Category Archives: Resurrection Lutheran Church

Beginning the Transition

Recently I posted on my decision to leave as Lead Pastor of Resurrection.   Today I am writing about my decision to train for interim ministry.

Every new beginning comes from some other beginning’s end
Semisonic’s  “Closing Time”

I was introduced to transitions twenty years ago with William Bridges book, Transitions: Making Sense of Life Changes.   Bridges describes every transition as having three parts.

1.       An Ending
2.       An In-between  Period of Confusion/Distress
3.       A new Beginning.

"So long, partner" Woody, Toy Story 3

“So long, partner” Woody, Toy Story 3

Each part needs attention.   For example, right now I am in the midst of an ending as I prepare to leave Resurrection.  Ending always have some element of grief and pain, even when they are chosen endings. Bridges writes “Those who had chosen their transitions tended to minimize the importance of endings, almost as if they felt that to acknowledge that an ending was painful would be to admit that the transition was a mistake.”  Leaving a group of people who you love is hard.

question

The second part of a transition is often neglected in our instant society.  People and congregations like to rush immediately to the new beginning.   “Let’s call a new pastor as soon as possible!”  Sometimes a congregation is ready to call a new pastor.  Often they are not.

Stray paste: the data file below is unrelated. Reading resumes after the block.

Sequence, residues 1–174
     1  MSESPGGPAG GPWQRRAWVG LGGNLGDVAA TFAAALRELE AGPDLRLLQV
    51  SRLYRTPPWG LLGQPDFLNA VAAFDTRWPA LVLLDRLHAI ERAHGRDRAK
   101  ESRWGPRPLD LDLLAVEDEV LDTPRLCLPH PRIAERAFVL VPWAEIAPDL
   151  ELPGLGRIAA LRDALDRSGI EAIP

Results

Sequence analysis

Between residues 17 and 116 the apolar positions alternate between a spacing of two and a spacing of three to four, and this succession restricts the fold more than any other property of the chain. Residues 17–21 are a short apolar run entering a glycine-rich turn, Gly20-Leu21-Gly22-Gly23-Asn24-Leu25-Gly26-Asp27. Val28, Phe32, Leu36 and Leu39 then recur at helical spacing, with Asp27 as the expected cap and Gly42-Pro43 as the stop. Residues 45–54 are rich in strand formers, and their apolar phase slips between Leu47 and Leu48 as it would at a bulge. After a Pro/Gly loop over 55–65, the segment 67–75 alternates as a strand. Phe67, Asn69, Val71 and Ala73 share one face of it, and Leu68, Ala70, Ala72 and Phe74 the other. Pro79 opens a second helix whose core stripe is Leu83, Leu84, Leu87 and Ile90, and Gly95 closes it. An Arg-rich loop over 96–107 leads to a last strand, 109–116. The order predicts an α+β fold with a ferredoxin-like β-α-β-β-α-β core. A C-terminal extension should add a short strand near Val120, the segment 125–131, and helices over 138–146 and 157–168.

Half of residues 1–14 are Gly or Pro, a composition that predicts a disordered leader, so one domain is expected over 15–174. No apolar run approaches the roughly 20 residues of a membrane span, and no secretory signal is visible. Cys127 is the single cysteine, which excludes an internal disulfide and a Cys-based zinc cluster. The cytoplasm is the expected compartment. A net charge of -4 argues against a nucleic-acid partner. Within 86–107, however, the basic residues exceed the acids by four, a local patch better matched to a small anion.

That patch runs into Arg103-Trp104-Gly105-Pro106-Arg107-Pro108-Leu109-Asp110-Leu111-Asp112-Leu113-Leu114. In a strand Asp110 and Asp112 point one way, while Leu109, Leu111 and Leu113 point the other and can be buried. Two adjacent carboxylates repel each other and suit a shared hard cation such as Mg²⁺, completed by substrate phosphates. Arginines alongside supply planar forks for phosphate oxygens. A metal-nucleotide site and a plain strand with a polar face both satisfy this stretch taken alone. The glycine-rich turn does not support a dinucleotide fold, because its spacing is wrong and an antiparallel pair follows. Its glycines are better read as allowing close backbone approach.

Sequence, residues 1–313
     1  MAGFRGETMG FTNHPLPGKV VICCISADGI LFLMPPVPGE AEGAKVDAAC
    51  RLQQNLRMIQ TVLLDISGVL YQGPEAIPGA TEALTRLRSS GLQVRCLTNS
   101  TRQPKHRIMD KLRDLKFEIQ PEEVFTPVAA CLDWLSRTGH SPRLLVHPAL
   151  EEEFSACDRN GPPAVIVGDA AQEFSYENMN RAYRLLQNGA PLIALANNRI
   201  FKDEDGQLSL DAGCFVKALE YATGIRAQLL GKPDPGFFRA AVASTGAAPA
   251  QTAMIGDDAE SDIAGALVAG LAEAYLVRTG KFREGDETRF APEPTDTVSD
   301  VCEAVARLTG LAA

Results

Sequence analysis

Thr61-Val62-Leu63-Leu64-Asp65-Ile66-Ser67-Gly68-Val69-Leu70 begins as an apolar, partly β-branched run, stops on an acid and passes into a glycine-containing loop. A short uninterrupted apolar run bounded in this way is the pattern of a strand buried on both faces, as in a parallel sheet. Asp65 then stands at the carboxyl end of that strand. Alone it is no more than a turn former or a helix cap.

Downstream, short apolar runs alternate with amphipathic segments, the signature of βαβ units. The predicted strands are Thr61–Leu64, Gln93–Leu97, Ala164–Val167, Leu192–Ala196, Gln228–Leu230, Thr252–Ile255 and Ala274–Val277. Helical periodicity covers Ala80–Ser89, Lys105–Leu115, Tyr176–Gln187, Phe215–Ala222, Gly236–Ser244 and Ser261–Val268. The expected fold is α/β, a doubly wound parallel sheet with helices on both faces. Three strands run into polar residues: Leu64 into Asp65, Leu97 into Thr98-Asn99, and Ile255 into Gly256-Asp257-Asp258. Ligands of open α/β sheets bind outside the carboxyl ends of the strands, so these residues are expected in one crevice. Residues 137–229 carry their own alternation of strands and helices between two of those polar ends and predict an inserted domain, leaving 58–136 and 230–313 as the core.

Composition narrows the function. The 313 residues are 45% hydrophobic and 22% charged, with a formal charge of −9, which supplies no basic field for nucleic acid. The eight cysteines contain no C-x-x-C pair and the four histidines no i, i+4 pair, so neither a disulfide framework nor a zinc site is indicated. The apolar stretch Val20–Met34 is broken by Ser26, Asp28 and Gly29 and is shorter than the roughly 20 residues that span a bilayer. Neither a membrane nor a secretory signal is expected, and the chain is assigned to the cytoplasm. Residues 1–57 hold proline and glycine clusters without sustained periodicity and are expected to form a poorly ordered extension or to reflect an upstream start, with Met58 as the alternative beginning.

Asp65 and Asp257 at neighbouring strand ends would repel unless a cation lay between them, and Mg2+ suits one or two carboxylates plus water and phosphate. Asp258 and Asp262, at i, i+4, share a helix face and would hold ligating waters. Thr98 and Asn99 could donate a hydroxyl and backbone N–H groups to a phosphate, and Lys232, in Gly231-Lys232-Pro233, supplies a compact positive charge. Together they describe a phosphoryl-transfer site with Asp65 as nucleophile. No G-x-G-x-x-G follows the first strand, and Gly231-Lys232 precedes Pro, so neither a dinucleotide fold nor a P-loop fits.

Before rushing to the new beginning, individuals and congregations need to pause and assess where they are and what God is doing.  Bridges calls this time “The Neutral Zone.”   I prefer to call it “The Wilderness Time,” remembering both the wilderness stories of Exodus and Jesus.   The Israelites spent forty years between the time they left slavery in Egypt and prior to their new start in the land of Canaan.  They wandered in the wilderness.  Jesus spent forty days in the wilderness after his baptism. His was a time of intense prayer as to what his ministry would be.

Christ in the Wilderness by Ivan Kramskoy

Christ in the Wilderness by Ivan Kramskoy

And the Spirit immediately drove Jesus out into the wilderness.  He was in the wilderness forty days, tempted by Satan; and he was with the wild beasts; and the angels waited on him. (Mark 1:12-13)

The wilderness period can be an intensely spiritual time because the armor of daily routine and thought are cracked wide open.  The Spirit has new ways to penetrate the hardness of our hearts.   It can also be a time of darkness and temptation, yet such temptations can be points of new wisdom as well, “for angels waited on him.”